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What Do You Do When The Dad is Missing

Jeremy:
So I got a question from my daughter just last week. She was having some time with a really close friend of hers and her friend has a really kind of a tragic element to their family story. She lost her dad when her friend was pretty young. She said, “So what do you do when an important team member is missing? Like the dad.” That’s a really obviously practical question as well because for so many people, I think now it’s more than 50% of people actually live most of their childhood without the constant input of their biological father. So this certainly is no longer the exception to the rule. So yeah, Jeff, I wanted you to tease this out a little bit. The one thing that I wanted to share is just the heart of God is father for people that are in this situation.

One of my favorite passages that really reflects God’s heart as a father is in Psalm 65. It says, “Father of the fatherless and a protector of widows is God in his Holy habitation. God settles the solitary in a home. He leads out the prisoners to prosperity, but the rebellious dwell in a parched land.” Part of what this is just describing is God as father really has a special relationship with the fatherless and it’s his intention to settle them in a home and to make sure that they have that family experience. Oftentimes of course, when that’s been taken from you in childhood, God will want to give that to you through your families. You begin to establish a family into adulthood, but I think that when you are thinking about your past in this way, it’s important to, instead of maybe saying it doesn’t matter. It’s just as good to have a childhood without a father, that’s not helpful.

I know that that kind of can ease some of the pain in a short term, but I believe it a better way to kind of work through that loss is to really acknowledge it as a loss and grieve what was lost and say, “Man, that really sucks. I really suffered through childhood because of this and I know that it was God’s plan or God’s design, maybe a better way to say it, God’s designed for me to have experienced life in an intact home or with my dad, but through whatever circumstances that was not something that I got to experience.” So grieving that I think so that you don’t speak a lie over family. Your ideas of family don’t get twisted or changed, but that you say, “Yeah, that that is a real loss.’

Then I think in your relationship with God as your father, receive the special grace that Psalm 65 is describing. Father to the fatherless and protector of the widows is God and his Holy habitation. That it’s God’s intention to redeem that experience. You got to give God time to do that, but that is his intention. He is going to be actively working on your behalf to help you have this experience. This is what it says in the next verse. God settles the solitary in a home. For a lot of you guys listening to this, you’re experiencing healing from your past through embracing your role as a father in your family. It’s important to connect those two things together, but Jeff, yeah. How have you thought through this one?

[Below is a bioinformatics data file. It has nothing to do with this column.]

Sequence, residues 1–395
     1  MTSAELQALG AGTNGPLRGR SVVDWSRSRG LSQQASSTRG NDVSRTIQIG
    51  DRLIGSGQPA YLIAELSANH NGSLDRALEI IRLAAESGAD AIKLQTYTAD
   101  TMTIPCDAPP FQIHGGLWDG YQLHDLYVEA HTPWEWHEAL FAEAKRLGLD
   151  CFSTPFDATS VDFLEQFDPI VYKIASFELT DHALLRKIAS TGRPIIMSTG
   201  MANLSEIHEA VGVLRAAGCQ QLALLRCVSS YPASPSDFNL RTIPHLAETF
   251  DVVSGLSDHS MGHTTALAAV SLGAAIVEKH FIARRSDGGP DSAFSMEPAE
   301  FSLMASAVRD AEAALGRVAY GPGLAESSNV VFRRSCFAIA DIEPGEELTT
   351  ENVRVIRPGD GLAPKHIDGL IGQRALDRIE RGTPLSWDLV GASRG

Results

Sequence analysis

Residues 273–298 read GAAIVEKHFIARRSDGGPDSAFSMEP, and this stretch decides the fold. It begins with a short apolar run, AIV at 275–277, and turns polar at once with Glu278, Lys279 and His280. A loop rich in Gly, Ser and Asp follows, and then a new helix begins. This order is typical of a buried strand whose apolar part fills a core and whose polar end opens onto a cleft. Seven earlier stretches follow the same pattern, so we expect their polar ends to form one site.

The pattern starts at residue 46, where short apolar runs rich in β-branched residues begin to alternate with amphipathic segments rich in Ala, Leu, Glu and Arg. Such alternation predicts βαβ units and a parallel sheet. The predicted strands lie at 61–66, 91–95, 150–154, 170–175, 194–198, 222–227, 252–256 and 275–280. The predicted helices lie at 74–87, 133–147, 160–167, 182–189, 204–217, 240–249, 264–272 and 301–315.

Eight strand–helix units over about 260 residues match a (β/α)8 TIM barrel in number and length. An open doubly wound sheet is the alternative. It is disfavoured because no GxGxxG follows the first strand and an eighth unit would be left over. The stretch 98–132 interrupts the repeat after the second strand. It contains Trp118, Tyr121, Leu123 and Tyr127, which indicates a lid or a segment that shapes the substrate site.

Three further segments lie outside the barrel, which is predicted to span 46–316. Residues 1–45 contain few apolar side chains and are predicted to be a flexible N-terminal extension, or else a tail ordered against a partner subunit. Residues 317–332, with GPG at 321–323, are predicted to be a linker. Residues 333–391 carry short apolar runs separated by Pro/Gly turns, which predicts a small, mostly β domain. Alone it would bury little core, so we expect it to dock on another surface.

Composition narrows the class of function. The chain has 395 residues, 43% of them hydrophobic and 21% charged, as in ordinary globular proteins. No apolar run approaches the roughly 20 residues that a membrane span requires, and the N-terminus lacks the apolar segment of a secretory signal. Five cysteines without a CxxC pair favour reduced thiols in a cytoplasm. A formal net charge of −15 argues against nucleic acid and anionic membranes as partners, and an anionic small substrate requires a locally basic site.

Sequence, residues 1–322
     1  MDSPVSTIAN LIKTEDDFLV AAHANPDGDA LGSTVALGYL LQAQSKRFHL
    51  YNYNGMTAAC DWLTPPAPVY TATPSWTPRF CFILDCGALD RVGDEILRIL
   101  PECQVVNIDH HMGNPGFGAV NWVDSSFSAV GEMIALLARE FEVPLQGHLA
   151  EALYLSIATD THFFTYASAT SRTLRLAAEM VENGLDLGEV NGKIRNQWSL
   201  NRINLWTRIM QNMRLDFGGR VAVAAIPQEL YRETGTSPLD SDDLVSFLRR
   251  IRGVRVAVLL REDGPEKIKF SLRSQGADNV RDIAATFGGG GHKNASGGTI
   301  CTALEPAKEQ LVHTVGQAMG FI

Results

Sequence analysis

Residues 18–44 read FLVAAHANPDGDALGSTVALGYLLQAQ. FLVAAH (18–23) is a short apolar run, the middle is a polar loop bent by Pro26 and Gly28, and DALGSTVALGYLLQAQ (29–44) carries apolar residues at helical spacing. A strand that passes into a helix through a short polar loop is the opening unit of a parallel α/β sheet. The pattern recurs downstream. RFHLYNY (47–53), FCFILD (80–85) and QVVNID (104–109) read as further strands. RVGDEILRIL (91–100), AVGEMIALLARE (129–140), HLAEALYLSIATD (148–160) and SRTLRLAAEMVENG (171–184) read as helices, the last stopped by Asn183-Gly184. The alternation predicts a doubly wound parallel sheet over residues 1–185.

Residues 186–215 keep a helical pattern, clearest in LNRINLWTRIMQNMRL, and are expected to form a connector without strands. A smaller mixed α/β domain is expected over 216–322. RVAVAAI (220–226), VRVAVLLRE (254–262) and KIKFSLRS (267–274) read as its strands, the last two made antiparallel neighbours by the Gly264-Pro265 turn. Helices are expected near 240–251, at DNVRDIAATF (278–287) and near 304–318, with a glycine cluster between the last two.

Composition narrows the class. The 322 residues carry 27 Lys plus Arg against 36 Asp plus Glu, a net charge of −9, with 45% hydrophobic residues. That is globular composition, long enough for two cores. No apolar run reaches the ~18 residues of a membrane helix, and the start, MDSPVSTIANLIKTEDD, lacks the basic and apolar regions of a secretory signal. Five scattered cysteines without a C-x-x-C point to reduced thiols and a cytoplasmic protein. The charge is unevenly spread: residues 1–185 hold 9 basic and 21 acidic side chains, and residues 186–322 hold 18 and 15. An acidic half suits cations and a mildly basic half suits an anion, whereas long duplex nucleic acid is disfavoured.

Jeff:
Yeah, I totally agree. I think you have to not just have a more realistic … How do I say this? It’s not just hunker down. That’s not the answer, but there is a level of when you know that a mission doesn’t disappear, then you like an organism, you kind of reframe yourself. Not necessarily saying that, like if you lose your leg, that’s not saying, “Oh, I should have just lost my leg from the beginning,” but there is something of adaption that happens, you know what I mean? I think of like all these hard stories of trying to think of the one I read weeks ago when I was doing some research of a family that basically they got in a plane crash and the son and maybe one person survived and they had to kind of hike out.

It was a crazy story of survival without their normal leadership and parents or whatever. There’s just something about when you still have to survive, when you still have to have a mission when you’re still doing something, there is a grace about which the mission creates a resilience. Or you just you still have to move forward. I think sometimes we think of there’s a weird thing because we don’t always believe in the mission of the family that sometimes we believe, “Well, if that’s not there, then I don’t believe in this or we don’t need to do anything.” Right?

Jeremy:
Right. Like family’s not for me or something.

Jeff:
Exactly. That’s what I’m trying to say. Yeah. When that’s true and then on top of that, then you have the grace of God that meets you in that place, that heals you in that place, that does something really special in that place. You see all these types of families all over the world, single parents, blended families, horrible, whether it’s deaths, whether it’s a sibling having to almost raise a kid, the Lord has transformed and profoundly impacted the world and families and all these different type of people through unique team situations.

So I think it’s less about saying, “Oh, we don’t have the ideal family,” but thinking about, “No, no, but what your job is to be the ideal team with the players you have and the coaches you have.” God wants to make you the ideal team and with how your team looks right now. I think there’s something about that that brings a resolve that can be really powerful and grace filled when you kind of center it on that.

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